Real Food, Real Health, Strawberry Fig Muffins, and a Give-away!
There’s a spectacular giveaway below, but first real food 101:
Calories. Fat. Protein. Carbohydrates. Low carb. Aspartame. High carb. Metabolism. High protein. Paleo. Primal. Raw. Skim milk. Vegan. Vegetarian. Whole wheat. Adkins. South Beach. Special K. The food pyramid (My plate). Low fat. No fat. Diet soda. Sugar free. Soy milk.
We’ve created a monster. A false nutrition monster moving faster and faster that won’t be slowing down unless you take the reins. It is a waste of time to go through the positive (but mostly negative) accolades for the above nutrition buzzwords. I’ll make one exception for “counting calories”. How is it possible to enjoy eating when you begin a meal with math?
We can stop the madness of all the get healthy fads by following one single step so easy that your grandmother or 3-year-old nephew will understand. First, I propose we do one thing to end the confusion: SIMPLIFY. What if there was one simple principle to follow that prevented disease and reversed illness? There is.
1. Eat only what God created for food.
What is Real Food?
Real food is nutrient-dense and in its whole, unrefined form; think fresh lemons as opposed to bottled lemon juice. Real food is free of chemicals, additives, synthetic ingredients, and preservatives. Produce is organic and never genetically modified. Avoid canned produce and choose fresh, frozen, or lacto-fermented fruits and vegetables. Animals are free to roam on pasture and receive plenty of sunlight and exercise. In order to retain or increase vitamins, enzymes, and minerals, food should be minimally processed and properly prepared using traditional methods to guarantee the best nutrient availability (ex. soaking, sprouting, fermenting, etc.) When you are buying something from a grocery store, be sure to read the label. Zoom into the ingredients list; if it is long with unpronounceable words, avoid it!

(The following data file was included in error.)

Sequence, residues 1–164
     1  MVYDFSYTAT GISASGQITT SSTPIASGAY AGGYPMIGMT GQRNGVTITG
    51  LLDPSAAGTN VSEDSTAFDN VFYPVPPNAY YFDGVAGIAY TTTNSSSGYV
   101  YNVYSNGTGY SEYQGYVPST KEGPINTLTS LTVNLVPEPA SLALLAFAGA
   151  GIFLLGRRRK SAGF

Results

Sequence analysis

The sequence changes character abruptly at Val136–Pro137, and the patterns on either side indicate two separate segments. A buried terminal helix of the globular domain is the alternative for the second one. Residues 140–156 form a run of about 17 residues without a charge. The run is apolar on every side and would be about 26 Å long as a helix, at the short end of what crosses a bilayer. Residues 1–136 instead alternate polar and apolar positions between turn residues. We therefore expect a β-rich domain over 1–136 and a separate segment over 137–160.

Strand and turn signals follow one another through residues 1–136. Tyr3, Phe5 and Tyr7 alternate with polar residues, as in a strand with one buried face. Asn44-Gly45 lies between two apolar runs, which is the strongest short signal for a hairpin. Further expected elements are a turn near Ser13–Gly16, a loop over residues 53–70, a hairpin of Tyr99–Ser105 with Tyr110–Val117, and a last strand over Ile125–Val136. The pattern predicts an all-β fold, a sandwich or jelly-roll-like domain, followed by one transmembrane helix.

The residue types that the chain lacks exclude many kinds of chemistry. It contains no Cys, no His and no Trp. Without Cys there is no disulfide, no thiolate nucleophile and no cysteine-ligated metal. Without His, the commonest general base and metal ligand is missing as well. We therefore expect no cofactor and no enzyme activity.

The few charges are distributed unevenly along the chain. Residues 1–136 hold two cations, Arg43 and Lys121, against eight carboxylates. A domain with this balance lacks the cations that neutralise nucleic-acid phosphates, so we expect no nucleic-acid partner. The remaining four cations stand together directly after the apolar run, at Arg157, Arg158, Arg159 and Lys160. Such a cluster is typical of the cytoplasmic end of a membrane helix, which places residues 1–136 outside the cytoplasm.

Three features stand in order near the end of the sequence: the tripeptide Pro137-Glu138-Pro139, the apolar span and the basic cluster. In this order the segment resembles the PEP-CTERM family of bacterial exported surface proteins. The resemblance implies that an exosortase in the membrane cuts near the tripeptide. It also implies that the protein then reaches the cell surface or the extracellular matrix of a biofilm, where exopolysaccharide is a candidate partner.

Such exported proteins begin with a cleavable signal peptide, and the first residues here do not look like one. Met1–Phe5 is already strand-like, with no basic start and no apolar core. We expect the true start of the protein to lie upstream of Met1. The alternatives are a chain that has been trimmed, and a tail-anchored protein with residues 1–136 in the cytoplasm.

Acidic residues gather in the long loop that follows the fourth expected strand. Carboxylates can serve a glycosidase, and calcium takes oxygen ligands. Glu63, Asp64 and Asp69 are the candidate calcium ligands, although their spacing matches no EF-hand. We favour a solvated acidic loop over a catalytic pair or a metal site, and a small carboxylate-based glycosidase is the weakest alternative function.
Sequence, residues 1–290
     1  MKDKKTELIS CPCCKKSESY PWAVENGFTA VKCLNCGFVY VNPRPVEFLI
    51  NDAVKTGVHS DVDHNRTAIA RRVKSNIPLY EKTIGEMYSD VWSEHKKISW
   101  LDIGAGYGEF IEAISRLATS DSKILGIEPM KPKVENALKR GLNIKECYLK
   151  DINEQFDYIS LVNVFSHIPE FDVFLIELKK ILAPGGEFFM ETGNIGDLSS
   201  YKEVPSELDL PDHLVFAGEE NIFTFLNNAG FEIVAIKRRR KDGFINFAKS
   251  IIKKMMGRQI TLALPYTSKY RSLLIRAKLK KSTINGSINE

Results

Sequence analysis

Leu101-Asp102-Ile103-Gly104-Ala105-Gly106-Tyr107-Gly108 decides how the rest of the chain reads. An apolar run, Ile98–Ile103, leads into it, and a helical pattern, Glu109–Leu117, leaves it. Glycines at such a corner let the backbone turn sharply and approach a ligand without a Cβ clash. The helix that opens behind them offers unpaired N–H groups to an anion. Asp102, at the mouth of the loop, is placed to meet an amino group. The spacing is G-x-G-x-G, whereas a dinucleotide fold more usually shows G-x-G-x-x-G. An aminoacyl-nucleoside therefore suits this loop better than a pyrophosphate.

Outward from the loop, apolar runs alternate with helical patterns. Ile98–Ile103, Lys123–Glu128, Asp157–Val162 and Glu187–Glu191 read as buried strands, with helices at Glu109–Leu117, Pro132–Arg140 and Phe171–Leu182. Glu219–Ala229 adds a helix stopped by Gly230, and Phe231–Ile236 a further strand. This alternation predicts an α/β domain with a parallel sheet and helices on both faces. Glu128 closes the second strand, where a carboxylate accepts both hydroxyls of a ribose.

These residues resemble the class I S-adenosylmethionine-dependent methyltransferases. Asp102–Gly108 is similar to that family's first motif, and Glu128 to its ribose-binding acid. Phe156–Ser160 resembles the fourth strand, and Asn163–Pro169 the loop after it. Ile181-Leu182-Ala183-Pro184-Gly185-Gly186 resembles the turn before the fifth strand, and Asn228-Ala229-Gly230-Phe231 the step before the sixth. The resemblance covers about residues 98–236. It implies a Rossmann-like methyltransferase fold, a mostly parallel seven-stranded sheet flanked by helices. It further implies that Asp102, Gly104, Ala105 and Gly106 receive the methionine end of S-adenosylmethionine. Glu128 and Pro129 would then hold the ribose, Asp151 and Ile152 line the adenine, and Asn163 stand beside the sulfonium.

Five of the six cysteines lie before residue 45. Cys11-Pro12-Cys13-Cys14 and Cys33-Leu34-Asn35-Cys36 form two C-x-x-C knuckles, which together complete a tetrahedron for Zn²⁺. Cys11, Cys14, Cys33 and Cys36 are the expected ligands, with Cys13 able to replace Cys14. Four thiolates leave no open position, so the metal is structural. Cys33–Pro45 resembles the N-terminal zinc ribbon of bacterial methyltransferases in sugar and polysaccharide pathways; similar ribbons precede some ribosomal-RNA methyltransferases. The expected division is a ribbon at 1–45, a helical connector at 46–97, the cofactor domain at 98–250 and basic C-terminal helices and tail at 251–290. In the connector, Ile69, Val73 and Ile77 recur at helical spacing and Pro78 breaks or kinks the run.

Real food is easy to identify and includes:
apples, oranges, pears, pineapple, grapes, cherries, blueberries, kiwi, lemons, limes, grapefruit, pears, mango, papaya, cranberries, watermelon, cantaloupe, strawberries, plum, carrots, spinach, garlic, asparagus, sweet- potatoes, cabbage, squash, fennel, swiss chard, tamari, lettuce, zucchini, onions, peas, egg plant, sweet peas, pumpkin, broccoli, kohlrabi, cauliflower, natto, leeks, cucumbers, peppers, celery, miso, spinach, jicama, kale, herbs, beans/legumes*, brown rice*, nuts*, seeds*, grass fed beef, pastured poultry, lamb, wild caught fish, raw cultured dairy, butter, eggs, olive oil, coconut, vanilla, cinnamon, carob, chocolate, etc. Too many to list!!